My childhood was too long ago to have a photo of this, but the object I would choose is a “sculpture” of a woman, painted with gold gilt, that I created when I was a little girl. How was this not just a standard little art project? The spark for it came from my father, reflecting on the “clay soil” in one of our fields. I reasoned that, if the soil was clay-based, it had potential to shape, and I worked to collect the clay from a stream bed that ran through the field. Pretty frustrating, as of course it wasn’t pure clay so there were many false starts–but I was super-proud of the time the whole thing–materials and vision–came together in a little gold woman, Victorian hoop-skirt clad. I don’t really think there was a learning spiral here, though. I didn’t go further, refine my artistic skills, become a sculptor–I just moved on to something else. What would have been needed for me to take the project further? Maybe a genetic love that Papert talks about…
The childhood object that influenced my life would probably be crayons. Crayons was the starting point of being able to express myself and giving me the chance to show what I was imagining in my head through drawings. Coloring as a child helped lead me down a creative path and wanting to share what I was thinking through visuals. I also found that through the years that if I didn’t love art as much as I do then it probably would have not lead me to wanting to become a teacher. The reason why I love the idea of becoming a teacher is because of the fact that I knew that every single day would be a new day to be creative and also to get the chance to see the creativity that would come from my students.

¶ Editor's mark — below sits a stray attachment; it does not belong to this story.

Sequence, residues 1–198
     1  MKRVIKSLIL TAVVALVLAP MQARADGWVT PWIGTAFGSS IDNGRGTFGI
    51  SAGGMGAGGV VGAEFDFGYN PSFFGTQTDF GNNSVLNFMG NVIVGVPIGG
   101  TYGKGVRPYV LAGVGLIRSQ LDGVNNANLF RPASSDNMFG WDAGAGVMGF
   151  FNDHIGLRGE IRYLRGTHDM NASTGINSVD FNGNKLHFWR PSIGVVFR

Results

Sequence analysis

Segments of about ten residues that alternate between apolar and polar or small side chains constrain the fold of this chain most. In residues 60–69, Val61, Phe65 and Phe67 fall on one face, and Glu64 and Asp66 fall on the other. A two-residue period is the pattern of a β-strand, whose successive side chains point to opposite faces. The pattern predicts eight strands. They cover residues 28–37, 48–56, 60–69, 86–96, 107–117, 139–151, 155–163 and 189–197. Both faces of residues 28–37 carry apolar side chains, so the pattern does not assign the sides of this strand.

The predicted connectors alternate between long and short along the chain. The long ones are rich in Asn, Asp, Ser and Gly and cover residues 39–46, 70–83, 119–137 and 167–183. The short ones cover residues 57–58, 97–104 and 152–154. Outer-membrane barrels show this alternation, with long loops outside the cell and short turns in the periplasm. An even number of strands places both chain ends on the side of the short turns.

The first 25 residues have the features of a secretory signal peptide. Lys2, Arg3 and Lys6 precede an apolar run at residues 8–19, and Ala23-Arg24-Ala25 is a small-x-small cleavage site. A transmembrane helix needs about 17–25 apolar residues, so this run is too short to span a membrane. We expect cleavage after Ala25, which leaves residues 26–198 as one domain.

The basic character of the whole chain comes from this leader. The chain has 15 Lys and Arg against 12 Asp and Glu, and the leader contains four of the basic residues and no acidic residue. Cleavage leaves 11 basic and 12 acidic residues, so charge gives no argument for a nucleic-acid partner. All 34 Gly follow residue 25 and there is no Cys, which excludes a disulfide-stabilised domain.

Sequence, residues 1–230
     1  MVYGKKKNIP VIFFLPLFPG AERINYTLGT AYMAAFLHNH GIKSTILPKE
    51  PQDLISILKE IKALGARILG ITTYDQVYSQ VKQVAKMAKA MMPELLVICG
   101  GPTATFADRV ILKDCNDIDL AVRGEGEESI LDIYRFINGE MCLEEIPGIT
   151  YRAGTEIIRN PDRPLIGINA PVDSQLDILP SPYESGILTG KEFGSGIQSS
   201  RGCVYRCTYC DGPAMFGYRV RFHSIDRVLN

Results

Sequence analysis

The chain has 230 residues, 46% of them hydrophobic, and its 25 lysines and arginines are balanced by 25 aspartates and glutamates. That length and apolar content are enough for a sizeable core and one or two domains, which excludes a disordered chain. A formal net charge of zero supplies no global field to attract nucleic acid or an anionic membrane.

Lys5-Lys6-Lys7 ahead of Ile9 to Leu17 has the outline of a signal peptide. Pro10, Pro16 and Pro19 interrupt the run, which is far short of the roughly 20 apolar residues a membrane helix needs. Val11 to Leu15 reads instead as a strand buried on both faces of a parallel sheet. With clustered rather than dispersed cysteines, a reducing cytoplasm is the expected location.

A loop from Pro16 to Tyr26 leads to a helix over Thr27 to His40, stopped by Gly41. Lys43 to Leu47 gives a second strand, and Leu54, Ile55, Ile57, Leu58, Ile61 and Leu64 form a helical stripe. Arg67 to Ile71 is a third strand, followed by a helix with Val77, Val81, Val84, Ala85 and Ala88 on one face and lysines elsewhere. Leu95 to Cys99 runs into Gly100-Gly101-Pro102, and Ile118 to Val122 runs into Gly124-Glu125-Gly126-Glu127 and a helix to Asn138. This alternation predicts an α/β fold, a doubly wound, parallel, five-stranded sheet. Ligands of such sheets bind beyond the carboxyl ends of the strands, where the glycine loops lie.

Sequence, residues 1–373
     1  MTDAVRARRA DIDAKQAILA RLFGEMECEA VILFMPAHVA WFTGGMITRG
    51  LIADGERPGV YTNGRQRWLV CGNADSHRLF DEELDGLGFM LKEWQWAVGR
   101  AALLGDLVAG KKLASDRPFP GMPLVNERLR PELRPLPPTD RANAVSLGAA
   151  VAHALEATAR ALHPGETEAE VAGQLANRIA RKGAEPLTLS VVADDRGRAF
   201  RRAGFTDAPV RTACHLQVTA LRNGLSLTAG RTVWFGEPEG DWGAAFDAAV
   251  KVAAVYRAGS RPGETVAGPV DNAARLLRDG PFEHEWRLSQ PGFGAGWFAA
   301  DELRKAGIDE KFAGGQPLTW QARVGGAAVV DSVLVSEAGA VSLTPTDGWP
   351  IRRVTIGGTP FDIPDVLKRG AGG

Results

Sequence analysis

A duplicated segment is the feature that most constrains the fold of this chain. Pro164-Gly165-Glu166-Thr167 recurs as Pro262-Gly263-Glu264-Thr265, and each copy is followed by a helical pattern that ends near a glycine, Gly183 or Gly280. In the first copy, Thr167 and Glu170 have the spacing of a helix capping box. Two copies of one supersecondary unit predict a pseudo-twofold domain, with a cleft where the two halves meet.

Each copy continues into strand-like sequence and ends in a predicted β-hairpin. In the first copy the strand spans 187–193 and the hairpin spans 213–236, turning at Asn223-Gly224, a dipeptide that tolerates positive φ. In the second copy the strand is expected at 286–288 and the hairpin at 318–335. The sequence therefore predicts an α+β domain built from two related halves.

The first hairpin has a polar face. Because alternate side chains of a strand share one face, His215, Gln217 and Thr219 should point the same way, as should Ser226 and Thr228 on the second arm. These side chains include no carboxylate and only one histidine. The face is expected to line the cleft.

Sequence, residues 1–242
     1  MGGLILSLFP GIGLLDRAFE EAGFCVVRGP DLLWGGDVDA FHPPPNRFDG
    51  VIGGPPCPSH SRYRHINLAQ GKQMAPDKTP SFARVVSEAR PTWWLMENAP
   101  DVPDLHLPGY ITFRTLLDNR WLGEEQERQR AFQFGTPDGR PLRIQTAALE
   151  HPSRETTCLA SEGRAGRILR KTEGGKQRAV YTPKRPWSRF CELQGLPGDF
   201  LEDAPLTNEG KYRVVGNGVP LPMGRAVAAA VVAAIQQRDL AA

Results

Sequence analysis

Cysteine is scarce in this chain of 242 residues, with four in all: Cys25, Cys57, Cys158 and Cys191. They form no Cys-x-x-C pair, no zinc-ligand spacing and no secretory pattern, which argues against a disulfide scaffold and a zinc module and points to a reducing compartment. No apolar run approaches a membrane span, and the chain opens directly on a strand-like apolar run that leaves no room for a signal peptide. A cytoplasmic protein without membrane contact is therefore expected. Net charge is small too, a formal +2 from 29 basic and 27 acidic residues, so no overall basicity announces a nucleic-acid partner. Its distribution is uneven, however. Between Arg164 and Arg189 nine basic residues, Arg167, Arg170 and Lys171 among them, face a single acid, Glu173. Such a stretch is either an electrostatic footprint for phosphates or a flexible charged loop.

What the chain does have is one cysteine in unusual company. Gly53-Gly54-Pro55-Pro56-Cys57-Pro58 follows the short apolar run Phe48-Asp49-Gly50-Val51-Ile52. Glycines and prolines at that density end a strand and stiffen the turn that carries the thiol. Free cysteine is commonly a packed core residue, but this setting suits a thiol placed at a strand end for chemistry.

One object from my childhood that interested and influenced me was a small desk in the corner of our house. My mother had found the desk and refurbished it, colorfully painting the legs and then painting the top with chalkboard paint. Many times throughout my childhood I would sit at this desk and do homework or - along with my three sisters - use the desk to play school. The desk was special both because my mother made it and because it played a role in encouraging my love for learning that has now manifested into my studying to become an educator.
(Not an exact picture, but it is a close representation)
Thank you for the trip down memory lane. I too had a spirograph and played with it for hours. Your post also resonated with Papert’s Essay [Gears of My Childhood](http://SpeechandProductionNewsReportingandJournalismYearlongProject 2). I saw the evolution of your childhood toy from box, pen & paper to digital complete with how-to and the mathematical “why” behind the design.
When I was about 5 or 6 I received a Light Bright. Putting the plastic pegs into the grid and having them light up was almost magical. The kit came with preset designs and once those were gone you had to rely on your own imagination to create new designs.
My grandpa had Lincoln Logs and it was the best toy ever!
No rules and durability.
I spent many hours playing with my brother and his Lincoln Logs. It caused you to really use your imagination to build homes, barns, fences, etc. Great educational toy!
If I were to consider what one object really affected my childhood, it would be the portable cassette player. God put a love of music in me. Music has been my means of expression and stress relief for my entire life. I sing when I’m happy, when I’m sad, when I’m angry, when I’m hurt. Music is my therapy. Every sentence you speak brings a song to my mind. My mother was the same way. She wrote many songs. My father saved up S & H Green Stamps to buy her a portable cassette recorder in the lat 70’s. I was around 5 years-old. My mother would record her songs on it, so she could remember the words flowing through her mind. She knew my mind worked like hers, so she bought me a package of cassettes and allowed me to use her recorder sing my thoughts and feelings into. Today I do the same thing with my son, who has that same musical draw. Only we don’t use a cassette recorder anymore! This definitely changed my life.
That is really cool that God uses music in you life that way! I have many fond memories of listening to cassette tapes when we were driving around town growing up. How cool that God gave the same musical draw to your son. It truly runs in the family.